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Monday, October 25, 2021

Forgetting something?

Parties are silent about India’s fastest-growing group’s needs

Written by Siddharth Agarwal |
May 9, 2009 10:59:51 pm

No other population is so much a part of our lives,whose absence can so affect our lifestyle,and yet is so shockingly invisible to policy as the urban poor. In just the latest reminder of this invisibility,in this election campaign the urban poor — our domestic helps,labourers,street vendors — have received no specific attention,for example, in party manifestos. Even as two leading parties accuse each other of copying manifestos,it is clear that no memorable catchphrase fits the urban poor,neither “aam aadmi” nor “India Shining.”

When nearly 100 million urban dwellers in India are estimated to be poor,(which is about one-tenth of the country’s population and more than the population of many countries),one would expect them to be paid due attention. The urban poor are part of the colossal growth in urbanisation that India is experiencing; numbers are projected to swell to 200 million by 2020. They remain largely unserved by basic healthcare services. Yet,if we look through the major parties’ election manifestos,while the rural poor are mentioned as a classified group — and agriculture,housing and health concerns have been addressed — the urban poor do not merit dedicated focus. This is disappointing. (One party mentions urban programmes it kick-started while another just touches upon poverty among slum dwellers.)

There seems to be insufficient understanding of the vulnerability of the urban poor and of their health and nutrition needs. Most of the urban poor are residents of slums,many of them unlisted. This puts them beyond the pale of government healthcare services,as residents of unlisted slums face the threat of eviction and prefer to remain unnoticed. Migration and mobility are also factors; cost,timings,and factors like lack of confidence in accessing healthcare services put secondary care and private-sector facilities out of their reach.

A re-analysis of data from the third National Family Health Survey shows that one in 10 children born in slums does not live to see her fifth birthday; that only 40 per cent of slum children receive all the recommended vaccinations; that of the 2.25 million births each year among the urban poor,more than half are at home; and that 54 per cent of children under five years are stunted,and 47 per cent underweight.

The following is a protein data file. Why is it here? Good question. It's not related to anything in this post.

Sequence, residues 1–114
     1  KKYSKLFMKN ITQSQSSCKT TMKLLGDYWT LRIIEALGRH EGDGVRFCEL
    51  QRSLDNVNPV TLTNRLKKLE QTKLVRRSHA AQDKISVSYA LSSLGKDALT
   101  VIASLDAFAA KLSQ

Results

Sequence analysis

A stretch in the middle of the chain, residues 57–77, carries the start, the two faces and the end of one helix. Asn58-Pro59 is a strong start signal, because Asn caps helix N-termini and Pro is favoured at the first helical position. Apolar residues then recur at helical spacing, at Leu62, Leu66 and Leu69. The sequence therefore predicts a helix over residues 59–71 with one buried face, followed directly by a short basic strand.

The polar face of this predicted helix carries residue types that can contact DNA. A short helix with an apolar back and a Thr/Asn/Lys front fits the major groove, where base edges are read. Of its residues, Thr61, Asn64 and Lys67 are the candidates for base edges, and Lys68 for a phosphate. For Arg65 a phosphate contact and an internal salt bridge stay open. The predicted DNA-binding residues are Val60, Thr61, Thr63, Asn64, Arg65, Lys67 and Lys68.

Thinking of urban issues mainly as infrastructure,employment and livelihood — as party strategies seem to — with very little attention paid specifically to the dismal health status of the urban poor,will make this worse. Water and sanitation get a mention but there seems to be very little focus on the link between safe drinking water,toilet usage,environmental sanitation,and good health. The need to strengthen the public health delivery system in urban areas,and the importance of preventive care,is also not adequately addressed.

The urban poor continue to be underserved by the inadequate and sub-optimally working public health infrastructure and have to access private medical facilities which impose a significant cost on them,often leading to severe debt.

There are problems in healthcare service delivery in rural areas too and the needs of the rural population are important. Nevertheless,the complete lack of attention to the needs,including health needs,of the fastest growing segment of India’s population appears to be a glaring oversight. It goes against the grain of the “inclusive growth” that India needs. A liberal democracy can’t discriminate between rural and urban while providing healthcare.

Issues as fundamental as the health of disadvantaged communities,therefore,should not die in the post-election tumult of coalition maneuvering.

It is important to realise that urban crises are not only about traffic jams and infrastructure. Urban health has a poverty-related (a human) component,that simply cannot be ignored.

The writer is executive director of the Urban Health Resource Centre,Delhi

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